And I will cause them to eat the flesh of their sons and the flesh of their daughters, and they shall eat every one the flesh of his friend in the siege and straitness … – King James Bible (Cambridge Ed.)
Commentator Peggy Noonan has written a Wall Street Journal editorial entitled, "This Is No Ordinary Scandal: Political abuse of the IRS threatens the basic integrity of our government."
Noonan is often, or at least occasionally, insightful, and in this case, I was pleased to see her sentiment conforms to an editorial I wrote last Saturday:
This is a big deal. Unlike other IRS problems throughout the years, this one features not just individual "enemies" but also a broad cross section of US citizens that are concerned about the growing unconstitutional actions of their government.
But Noonan neglects to make an important point that I will mention toward the end of this article.
Let's look at the broader picture first. The US is supposedly engaged in something like 75 wars and skirmishes abroad and the invasions of privacy taking place on the home front are equally startling.
Meanwhile, Homeland Security orders hundreds of millions of dum-dum rounds but its officials seem to feel it is not incumbent on them to explain why. This same vast institution is building an extraordinary headquarters in Washington, DC and an equally extraordinary spy-facility in the Midwest that will supposedly scoop up every bit of communication that takes place throughout the US.
Why are these scandals afflicting the administration now? I can't help but wonder if this sudden upsurge in indignation against the invasive use of government force is indicative of sudden shift in the arrogant invasiveness that permeates the US capitol.
There are three possibilities, so far as I am concerned. The first is that these three scandals are simply a legitimate outgrowth of the legislative process.
The second is that the larger powers supporting the Democratic administration and Obama in particular have grown tired of him for some reason.
The third reason is that these three scandals in particular represent the power of what we often call the Internet Reformation. While scandals have always beset Washington, the breathtaking rapidity with which these blossomed and expanded may be indicative of how modern communication undermines damage control and resists minimization.
And, yes, I would tend to believe the third reason – the power of the Internet itself – is driving the rapidity and evolution of these scandals. It is not enough anymore to claim executive privilege while attempting to conceal abuses of political privilege.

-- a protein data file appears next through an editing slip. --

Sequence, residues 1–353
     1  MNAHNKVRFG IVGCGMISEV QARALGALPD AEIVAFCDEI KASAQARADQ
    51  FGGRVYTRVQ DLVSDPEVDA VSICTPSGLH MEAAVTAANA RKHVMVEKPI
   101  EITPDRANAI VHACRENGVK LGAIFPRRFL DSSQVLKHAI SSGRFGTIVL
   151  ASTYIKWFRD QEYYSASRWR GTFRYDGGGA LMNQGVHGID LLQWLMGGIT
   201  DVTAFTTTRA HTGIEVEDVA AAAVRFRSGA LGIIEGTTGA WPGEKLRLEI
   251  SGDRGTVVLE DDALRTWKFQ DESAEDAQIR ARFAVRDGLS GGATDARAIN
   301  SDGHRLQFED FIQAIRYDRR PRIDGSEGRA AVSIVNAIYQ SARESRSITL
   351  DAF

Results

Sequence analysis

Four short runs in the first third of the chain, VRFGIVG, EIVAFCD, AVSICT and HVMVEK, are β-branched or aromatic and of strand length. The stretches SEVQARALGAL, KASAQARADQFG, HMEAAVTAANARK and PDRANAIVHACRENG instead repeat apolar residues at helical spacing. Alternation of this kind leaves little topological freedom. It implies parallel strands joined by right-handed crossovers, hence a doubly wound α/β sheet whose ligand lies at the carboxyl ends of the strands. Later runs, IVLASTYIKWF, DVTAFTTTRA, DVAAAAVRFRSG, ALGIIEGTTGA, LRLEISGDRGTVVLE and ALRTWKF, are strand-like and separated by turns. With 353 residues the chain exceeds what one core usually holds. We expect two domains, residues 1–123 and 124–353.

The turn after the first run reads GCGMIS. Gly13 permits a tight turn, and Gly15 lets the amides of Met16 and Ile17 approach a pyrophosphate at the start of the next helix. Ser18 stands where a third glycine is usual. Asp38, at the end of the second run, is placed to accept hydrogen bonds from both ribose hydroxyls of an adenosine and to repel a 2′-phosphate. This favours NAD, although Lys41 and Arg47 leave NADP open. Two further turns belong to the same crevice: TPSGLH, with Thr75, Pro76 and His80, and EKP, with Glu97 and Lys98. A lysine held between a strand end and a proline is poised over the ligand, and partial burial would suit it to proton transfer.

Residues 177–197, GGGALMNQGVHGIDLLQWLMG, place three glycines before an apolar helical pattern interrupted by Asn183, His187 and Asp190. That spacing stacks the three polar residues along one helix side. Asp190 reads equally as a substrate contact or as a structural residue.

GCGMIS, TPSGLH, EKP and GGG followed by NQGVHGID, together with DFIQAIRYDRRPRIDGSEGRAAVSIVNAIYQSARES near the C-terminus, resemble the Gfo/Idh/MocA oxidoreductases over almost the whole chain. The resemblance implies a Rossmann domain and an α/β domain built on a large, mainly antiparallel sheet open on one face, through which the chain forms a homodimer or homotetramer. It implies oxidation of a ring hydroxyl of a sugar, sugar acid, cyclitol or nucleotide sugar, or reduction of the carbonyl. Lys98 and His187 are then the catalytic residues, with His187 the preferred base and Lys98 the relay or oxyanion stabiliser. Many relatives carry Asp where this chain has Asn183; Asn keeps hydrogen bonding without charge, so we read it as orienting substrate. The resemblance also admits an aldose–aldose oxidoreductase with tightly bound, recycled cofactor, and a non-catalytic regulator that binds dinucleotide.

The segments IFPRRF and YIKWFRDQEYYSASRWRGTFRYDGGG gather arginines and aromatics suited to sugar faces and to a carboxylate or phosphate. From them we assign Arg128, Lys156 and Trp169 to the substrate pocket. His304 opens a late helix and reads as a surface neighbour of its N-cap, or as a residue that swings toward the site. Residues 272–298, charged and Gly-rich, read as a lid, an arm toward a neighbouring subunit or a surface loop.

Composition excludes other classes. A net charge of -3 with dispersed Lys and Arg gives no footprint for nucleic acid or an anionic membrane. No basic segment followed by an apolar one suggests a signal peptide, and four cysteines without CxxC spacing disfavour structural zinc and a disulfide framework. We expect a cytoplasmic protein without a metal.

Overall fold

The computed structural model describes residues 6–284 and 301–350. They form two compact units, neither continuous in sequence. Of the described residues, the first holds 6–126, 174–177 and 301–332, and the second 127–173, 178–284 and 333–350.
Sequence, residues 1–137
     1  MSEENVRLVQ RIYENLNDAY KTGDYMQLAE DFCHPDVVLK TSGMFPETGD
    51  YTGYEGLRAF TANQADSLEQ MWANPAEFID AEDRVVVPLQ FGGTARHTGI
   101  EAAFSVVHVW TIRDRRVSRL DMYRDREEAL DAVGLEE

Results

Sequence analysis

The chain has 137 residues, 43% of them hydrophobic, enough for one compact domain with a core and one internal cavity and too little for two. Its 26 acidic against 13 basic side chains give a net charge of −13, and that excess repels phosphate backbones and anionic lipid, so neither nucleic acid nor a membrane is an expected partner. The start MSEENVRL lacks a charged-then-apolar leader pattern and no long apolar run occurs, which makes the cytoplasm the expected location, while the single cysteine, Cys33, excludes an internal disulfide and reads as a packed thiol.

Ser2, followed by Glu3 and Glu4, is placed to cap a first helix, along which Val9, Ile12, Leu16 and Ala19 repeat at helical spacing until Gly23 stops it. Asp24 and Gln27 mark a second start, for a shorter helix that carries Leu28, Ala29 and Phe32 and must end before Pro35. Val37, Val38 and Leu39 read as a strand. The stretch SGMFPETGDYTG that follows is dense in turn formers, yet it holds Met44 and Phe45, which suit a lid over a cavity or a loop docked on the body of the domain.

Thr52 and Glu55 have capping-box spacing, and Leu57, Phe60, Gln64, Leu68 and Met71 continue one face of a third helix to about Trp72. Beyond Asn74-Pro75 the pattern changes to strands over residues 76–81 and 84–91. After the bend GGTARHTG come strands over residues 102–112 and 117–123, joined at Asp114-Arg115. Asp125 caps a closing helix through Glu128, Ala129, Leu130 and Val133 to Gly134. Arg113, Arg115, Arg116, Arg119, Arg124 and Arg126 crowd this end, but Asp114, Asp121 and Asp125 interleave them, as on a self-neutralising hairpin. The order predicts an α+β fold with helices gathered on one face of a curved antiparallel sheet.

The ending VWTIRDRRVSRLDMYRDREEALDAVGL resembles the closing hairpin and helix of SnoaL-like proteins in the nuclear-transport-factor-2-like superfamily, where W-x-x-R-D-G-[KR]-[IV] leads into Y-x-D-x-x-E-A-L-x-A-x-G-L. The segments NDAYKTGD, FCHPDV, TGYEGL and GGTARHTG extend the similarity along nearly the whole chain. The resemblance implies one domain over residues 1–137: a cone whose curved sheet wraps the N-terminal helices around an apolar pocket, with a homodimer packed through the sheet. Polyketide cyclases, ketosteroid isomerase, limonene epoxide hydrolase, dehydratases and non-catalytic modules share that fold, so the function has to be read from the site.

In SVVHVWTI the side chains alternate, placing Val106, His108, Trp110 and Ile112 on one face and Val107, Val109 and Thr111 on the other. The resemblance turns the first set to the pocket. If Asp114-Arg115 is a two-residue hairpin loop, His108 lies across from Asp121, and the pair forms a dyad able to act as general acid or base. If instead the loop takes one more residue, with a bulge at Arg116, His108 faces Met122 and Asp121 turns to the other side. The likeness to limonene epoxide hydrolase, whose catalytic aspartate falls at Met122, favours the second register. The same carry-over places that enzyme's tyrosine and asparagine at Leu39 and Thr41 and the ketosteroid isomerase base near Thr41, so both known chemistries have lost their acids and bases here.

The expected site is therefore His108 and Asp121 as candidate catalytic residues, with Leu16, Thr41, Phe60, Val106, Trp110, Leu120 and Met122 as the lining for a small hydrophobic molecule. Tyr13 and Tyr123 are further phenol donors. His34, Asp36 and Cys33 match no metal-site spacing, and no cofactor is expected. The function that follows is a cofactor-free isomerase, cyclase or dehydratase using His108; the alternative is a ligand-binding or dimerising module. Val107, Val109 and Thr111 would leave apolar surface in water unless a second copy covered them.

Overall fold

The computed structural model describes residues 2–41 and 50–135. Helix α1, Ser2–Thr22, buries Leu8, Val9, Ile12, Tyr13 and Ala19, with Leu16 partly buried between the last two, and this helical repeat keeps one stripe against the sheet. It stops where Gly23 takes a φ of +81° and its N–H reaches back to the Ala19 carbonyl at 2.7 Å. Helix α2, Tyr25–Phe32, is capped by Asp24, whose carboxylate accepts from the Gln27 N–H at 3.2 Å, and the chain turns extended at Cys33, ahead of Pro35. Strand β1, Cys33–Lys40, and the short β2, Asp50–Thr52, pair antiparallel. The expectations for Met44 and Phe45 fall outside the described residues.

The same transparency that afflicts the private citizen is now beginning to affect Washington – and other Western regimes – as well. Just look how relentlessly the globalist agenda has been exposed.
The current DC scenario is quite a spectacle. Here's more from Noonan.
We are in the midst of the worst Washington scandal since Watergate. The reputation of the Obama White House
has, among conservatives, gone from sketchy to sinister, and, among liberals, from unsatisfying to dangerous. No one likes what they're seeing. The Justice Department assault on the Associated Press and the ugly politicization of the Internal Revenue Service have left the administration's credibility deeply, probably irretrievably damaged. They don't look jerky now, they look dirty. The patina of high-mindedness the president enjoyed is gone.
Something big has shifted. The standing of the administration has changed.
As always it comes down to trust. Do you trust the president's answers when he's pressed on an uncomfortable story? Do you trust his people to be sober and fair-minded as they go about their work? Do you trust the IRS and the Justice Department? You do not.
… It is not even remotely possible that all this was an accident, a mistake. Again, only conservative groups were targeted, not liberal. It is not even remotely possible that only one IRS office was involved … What happened at the IRS is the government's essential business. The IRS case deserves and calls out for an independent counsel, fully armed with all that position's powers. Only then will stables that badly need to be cleaned, be cleaned.
… This is about the integrity of our system of government and our ability to trust, which is to say our ability to function.
Sure enough, it IS about the integrity of the system. But Noonan misses the opportunity to explain the "why" as well as the "what." In my view, there was never any chance that the technology wielded enthusiastically against the body politic and so-called enemies abroad would not eventually also attack the politicians doing the wielding.
What has been created throughout the West especially has now, in my view, begun to "eat its own children." Before all this is over, we may see a new political era – for better or worse.